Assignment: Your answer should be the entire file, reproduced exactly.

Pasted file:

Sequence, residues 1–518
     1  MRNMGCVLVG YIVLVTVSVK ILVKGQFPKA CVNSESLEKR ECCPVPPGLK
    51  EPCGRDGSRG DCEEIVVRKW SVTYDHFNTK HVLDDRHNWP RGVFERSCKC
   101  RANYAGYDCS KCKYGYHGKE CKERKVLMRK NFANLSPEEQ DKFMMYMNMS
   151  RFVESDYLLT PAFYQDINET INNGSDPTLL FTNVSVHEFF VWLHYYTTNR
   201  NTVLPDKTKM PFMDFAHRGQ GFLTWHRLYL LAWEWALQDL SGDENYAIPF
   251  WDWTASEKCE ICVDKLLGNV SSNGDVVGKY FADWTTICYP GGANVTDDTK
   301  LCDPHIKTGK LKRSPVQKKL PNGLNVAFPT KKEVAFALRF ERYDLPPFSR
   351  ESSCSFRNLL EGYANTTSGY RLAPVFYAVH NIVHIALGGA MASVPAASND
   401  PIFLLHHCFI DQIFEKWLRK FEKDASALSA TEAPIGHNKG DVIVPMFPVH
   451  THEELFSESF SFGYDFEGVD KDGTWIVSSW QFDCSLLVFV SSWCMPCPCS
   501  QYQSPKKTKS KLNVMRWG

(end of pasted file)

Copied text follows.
Sequence, residues 1–518
     1  MRNMGCVLVG YIVLVTVSVK ILVKGQFPKA CVNSESLEKR ECCPVPPGLK
    51  EPCGRDGSRG DCEEIVVRKW SVTYDHFNTK HVLDDRHNWP RGVFERSCKC
   101  RANYAGYDCS KCKYGYHGKE CKERKVLMRK NFANLSPEEQ DKFMMYMNMS
   151  RFVESDYLLT PAFYQDINET INNGSDPTLL FTNVSVHEFF VWLHYYTTNR
   201  NTVLPDKTKM PFMDFAHRGQ GFLTWHRLYL LAWEWALQDL SGDENYAIPF
   251  WDWTASEKCE ICVDKLLGNV SSNGDVVGKY FADWTTICYP GGANVTDDTK
   301  LCDPHIKTGK LKRSPVQKKL PNGLNVAFPT KKEVAFALRF ERYDLPPFSR
   351  ESSCSFRNLL EGYANTTSGY RLAPVFYAVH NIVHIALGGA MASVPAASND
   401  PIFLLHHCFI DQIFEKWLRK FEKDASALSA TEAPIGHNKG DVIVPMFPVH
   451  THEELFSESF SFGYDFEGVD KDGTWIVSSW QFDCSLLVFV SSWCMPCPCS
   501  QYQSPKKTKS KLNVMRWG